If you’ve flown a quadcopter, you’ll know what happens when a propeller stops or fails: the thing flips around and crashes. Using a new system from Mark W. Mueller, Simon Berger, and Raffaello D’Andrea at ETH Zurich, however, quadcopters can automatically right themselves after motor failure and can even allow a human operator to control the drone until it is safely on the ground.
When a motor or propeller fails, the fail-safe routine keeps the drone more or less upright. LEDs on the arms show the user a “virtual yaw angle” so they can handle the robot as it flies, but eventually the team will add a magnetometer to handle this automatically. The team writes:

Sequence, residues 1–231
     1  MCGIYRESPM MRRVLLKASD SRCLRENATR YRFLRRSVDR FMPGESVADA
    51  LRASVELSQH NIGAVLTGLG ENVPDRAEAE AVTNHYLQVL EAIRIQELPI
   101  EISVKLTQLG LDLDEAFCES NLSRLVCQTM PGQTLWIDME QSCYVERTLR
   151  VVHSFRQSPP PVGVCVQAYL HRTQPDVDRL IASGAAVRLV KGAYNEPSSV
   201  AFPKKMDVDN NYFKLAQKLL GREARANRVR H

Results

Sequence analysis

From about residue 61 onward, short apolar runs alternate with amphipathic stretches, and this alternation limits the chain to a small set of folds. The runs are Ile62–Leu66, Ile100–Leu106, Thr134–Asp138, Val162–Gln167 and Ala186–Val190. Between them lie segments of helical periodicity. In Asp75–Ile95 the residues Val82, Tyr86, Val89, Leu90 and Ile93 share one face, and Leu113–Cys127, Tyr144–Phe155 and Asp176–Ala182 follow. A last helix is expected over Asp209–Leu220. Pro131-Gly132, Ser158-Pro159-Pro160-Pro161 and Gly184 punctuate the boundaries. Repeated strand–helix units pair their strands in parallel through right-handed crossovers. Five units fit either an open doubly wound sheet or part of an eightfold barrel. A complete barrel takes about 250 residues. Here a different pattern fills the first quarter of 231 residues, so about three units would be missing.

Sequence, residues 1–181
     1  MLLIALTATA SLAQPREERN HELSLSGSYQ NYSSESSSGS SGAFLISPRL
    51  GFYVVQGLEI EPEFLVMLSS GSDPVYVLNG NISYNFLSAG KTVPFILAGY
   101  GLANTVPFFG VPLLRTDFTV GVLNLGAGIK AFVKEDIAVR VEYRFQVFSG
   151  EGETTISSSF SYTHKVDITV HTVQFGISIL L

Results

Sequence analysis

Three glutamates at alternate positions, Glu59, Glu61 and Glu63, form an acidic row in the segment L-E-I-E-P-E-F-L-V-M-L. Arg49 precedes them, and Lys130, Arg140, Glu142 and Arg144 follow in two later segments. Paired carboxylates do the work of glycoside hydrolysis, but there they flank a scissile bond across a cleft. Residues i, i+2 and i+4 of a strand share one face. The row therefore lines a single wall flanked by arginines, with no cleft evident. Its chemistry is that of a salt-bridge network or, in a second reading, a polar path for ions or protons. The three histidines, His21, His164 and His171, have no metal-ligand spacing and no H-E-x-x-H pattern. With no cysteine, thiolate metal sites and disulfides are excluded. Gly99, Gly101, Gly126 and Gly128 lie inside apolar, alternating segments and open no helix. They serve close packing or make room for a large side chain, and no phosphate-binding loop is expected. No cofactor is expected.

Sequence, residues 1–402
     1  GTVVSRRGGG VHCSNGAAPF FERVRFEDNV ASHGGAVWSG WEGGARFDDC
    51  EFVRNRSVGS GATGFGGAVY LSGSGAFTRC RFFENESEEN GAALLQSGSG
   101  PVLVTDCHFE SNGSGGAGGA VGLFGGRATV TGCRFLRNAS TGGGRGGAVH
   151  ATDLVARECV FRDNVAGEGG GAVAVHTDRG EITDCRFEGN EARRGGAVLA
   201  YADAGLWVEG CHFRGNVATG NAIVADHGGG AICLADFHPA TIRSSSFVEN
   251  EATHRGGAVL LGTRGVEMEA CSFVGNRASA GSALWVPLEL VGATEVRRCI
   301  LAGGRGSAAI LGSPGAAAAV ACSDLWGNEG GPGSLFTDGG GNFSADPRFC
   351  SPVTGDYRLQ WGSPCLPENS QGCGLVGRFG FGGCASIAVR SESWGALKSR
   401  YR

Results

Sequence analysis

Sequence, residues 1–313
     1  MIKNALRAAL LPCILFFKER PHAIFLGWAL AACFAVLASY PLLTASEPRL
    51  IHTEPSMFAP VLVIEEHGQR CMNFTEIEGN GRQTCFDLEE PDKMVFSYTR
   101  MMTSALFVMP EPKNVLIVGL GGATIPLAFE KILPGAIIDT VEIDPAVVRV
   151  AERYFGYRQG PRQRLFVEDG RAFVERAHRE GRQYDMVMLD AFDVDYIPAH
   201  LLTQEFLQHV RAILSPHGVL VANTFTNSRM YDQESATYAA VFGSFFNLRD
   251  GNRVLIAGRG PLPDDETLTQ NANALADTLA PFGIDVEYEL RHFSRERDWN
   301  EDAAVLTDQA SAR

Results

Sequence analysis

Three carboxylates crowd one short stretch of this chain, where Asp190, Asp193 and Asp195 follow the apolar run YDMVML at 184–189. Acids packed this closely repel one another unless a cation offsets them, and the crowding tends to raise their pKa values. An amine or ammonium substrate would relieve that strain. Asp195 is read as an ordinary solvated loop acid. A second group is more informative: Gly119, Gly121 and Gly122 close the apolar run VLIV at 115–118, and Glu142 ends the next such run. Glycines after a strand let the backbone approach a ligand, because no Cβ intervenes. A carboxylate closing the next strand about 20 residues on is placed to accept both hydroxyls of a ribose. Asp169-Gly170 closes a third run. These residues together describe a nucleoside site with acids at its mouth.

The system can even right itself if more than one motor fails. Most important, however, is the fact that the system can work in software – there are no hardware modifications at all. This means your usual quadcopter can become a self-righting, self-flying super machine with just a firmware update.